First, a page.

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Full Page Transitions with Next.js

Ivan V.
Full-stack web developer
・4 min read

I'm going to show you how to do full page transitions with Framer Motion and Next.js
Basic familiarity with Framer Motion and next.js is good to have, but the code is short and not complicated so everyone should be able to follow along.

Check out the demo: https://nextjs-full-page-transitions.netlify.app/
Fork the repository: https://github.com/ivandotv/nextjs-page-transitions

What we are building

slide-right
fade-back
rotate-z

Not only we are going to enable full page transitions but we are also going to set up a few different transitions for demo purposes.

The code

Spoiler alert, this is all the code that is needed to enable page transitions in Next.js!

// _app.tsx
function MyApp({ Component, pageProps, router }: AppProps) {
  return (
    <div className="app-wrap">
      <LazyMotion features={domAnimation}>
        <AnimatePresence exitBeforeEnter>
          <m.div
            key={router.route.concat(animation.name)}
            className="page-wrap"
            initial="initial"
            animate="animate"
            exit="exit"
            variants={animation.variants}
            transition={animation.transition}
          >
            <Component {...pageProps} />
          </m.div>
        </AnimatePresence>
      </LazyMotion>
    </div>
  )
}
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Now let us go through it step by step.

First, you will notice that I'm using LazyMotion component, instead of regular Motion component, this is just for reducing the size of the bundle. Framer is not a small library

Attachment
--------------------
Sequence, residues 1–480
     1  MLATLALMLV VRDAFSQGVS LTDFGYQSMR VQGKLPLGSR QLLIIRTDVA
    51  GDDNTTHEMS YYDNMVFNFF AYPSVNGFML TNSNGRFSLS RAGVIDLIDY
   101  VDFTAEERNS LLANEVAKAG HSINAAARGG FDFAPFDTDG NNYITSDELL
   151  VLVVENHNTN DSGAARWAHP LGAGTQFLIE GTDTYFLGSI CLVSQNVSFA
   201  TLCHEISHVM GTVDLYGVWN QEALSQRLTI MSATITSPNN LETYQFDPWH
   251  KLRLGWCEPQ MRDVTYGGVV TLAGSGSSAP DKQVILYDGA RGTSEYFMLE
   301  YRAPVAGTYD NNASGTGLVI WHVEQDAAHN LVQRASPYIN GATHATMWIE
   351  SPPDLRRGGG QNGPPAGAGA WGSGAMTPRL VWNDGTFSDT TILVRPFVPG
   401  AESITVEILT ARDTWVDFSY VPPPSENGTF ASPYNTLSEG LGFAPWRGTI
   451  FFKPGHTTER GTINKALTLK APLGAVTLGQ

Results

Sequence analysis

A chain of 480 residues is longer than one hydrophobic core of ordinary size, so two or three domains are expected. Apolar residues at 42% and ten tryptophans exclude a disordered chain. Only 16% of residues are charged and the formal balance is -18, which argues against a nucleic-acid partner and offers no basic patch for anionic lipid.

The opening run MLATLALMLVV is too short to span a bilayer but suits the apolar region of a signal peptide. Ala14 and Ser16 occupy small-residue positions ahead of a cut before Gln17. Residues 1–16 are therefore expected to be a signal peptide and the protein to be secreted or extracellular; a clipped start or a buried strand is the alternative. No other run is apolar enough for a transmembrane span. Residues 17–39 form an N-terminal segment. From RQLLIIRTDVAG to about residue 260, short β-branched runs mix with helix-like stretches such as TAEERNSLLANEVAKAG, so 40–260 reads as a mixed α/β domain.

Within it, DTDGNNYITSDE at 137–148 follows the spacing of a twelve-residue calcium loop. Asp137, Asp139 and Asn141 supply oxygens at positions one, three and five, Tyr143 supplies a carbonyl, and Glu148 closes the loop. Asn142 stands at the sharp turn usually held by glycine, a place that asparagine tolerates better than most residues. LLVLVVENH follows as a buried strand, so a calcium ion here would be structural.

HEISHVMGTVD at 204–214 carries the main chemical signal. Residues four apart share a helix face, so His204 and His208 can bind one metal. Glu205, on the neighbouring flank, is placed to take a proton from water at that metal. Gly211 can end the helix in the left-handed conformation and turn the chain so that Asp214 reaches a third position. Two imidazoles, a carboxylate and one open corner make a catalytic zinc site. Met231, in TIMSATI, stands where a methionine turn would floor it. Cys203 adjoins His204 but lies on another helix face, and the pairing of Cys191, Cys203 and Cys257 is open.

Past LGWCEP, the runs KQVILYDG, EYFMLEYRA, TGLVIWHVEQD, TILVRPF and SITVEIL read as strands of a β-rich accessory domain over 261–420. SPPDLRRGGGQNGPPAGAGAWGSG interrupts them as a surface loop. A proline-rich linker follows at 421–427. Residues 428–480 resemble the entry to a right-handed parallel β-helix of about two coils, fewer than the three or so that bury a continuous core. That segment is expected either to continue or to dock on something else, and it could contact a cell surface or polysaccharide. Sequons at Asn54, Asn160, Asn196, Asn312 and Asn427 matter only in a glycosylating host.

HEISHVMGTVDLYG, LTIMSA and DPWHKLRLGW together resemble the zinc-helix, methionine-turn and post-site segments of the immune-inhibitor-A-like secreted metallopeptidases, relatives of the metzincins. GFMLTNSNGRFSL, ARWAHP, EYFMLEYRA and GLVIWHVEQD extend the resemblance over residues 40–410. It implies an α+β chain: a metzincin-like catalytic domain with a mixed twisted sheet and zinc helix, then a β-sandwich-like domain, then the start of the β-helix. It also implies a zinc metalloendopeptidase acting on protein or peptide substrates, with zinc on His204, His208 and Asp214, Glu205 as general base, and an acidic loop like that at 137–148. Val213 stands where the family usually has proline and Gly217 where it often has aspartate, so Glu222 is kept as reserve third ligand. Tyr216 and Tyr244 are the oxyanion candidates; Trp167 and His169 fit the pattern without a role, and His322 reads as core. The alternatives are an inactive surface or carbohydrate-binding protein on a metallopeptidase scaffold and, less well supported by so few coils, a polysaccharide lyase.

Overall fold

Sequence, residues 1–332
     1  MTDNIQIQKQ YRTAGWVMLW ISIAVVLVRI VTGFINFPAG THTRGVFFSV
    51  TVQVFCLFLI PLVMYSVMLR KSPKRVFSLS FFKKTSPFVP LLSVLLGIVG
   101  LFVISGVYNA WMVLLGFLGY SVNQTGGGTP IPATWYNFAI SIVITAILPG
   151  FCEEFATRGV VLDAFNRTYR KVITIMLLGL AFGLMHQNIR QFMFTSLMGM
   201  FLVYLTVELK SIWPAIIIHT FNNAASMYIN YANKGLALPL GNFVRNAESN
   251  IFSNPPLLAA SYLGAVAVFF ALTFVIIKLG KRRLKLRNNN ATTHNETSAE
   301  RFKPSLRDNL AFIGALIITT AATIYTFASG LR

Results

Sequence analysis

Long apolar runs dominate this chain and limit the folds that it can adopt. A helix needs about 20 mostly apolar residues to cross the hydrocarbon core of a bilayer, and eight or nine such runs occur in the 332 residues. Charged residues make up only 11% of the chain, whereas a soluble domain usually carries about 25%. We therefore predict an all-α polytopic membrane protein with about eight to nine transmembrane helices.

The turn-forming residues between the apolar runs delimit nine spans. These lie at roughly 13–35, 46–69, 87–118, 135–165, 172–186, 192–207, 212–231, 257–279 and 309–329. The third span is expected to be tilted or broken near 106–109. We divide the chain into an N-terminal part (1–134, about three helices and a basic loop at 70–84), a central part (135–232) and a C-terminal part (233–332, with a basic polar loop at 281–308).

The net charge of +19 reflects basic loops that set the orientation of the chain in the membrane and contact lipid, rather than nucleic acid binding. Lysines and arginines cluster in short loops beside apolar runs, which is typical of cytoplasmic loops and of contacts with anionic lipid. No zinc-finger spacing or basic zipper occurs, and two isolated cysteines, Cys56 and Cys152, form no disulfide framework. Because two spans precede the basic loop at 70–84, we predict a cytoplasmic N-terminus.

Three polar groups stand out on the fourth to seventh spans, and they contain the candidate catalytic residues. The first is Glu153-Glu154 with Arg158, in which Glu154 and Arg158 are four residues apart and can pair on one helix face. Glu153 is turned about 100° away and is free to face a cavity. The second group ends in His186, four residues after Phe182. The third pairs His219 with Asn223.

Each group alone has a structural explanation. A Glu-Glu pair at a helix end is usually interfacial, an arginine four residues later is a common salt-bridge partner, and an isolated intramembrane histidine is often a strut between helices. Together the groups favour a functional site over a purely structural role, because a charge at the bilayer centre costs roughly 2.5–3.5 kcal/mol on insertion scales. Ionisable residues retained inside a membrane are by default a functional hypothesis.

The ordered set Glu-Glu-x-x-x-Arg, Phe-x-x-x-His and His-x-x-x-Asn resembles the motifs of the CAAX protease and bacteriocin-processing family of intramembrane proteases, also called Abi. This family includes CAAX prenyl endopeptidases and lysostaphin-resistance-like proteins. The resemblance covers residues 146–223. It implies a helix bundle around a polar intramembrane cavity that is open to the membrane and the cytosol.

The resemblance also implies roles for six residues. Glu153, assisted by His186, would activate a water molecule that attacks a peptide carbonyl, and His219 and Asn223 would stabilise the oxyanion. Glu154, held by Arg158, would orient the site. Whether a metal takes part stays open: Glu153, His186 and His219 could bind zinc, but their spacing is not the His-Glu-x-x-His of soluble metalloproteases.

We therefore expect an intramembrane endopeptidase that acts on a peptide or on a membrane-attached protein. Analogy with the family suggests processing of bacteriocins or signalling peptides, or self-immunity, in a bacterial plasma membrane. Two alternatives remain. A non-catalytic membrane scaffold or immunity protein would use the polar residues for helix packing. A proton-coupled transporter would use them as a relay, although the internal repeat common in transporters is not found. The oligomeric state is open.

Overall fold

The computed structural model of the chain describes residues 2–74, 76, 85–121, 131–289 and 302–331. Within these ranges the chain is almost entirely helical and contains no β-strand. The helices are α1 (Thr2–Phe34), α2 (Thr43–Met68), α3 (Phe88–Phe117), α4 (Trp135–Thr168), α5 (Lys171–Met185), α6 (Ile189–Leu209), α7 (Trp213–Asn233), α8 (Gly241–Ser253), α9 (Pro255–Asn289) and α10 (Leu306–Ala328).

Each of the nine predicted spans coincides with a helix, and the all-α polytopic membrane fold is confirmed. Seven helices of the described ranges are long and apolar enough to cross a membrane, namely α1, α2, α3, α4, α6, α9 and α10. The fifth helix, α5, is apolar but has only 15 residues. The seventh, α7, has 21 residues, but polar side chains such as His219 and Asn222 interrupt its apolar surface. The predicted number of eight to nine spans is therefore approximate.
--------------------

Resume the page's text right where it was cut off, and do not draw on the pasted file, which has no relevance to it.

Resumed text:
(around 25kb full), and since this code goes into the Next.js _app component, which is the main component in the framework, everything that is imported there, will be bundled in the initial bundle download

When you build the project this is indicated by the First Load JS shared by all item in the Next.js build report.

Granted, LazyMotion will not slice the size of the bundle by much (around 5-7kb) but why not use it when it's available. Also, the folks that support Framer
are working on reducing the bundle size even more, so you are ready to receive more size savings in the future.

You will notice that we are using features={domAnimation} on the LazyMotion component which means that we are only bundling a subset of Framer functionality. Things like pan and drag gestures and layout animations will not be available. Check out the official documention for the component to know more.

AnimatePresence Component

AnimatePresence component is used for animating child components when they are removed from the React tree. It
allows the component to defer unmounting until after the animation is complete. The most crucial property for this component is
exitBeforeEnter, it allows Framer to animate one component at a time.
So the page, which is the Component in this whole setup, after a route change will animate out and then the new page (which is also a Component) will animate in. So there will be no overlap and we only get to see one page at any given time.

UPDATE:
I have updated the demo to show how transitions work when exitBeforeEnter is set to false. When this property is false it will enable animations on both pages (new and old at the same time). Make sure to enable the "overlap page transitions" checkbox.

rotate-z

rotate-z-overlap

m.div component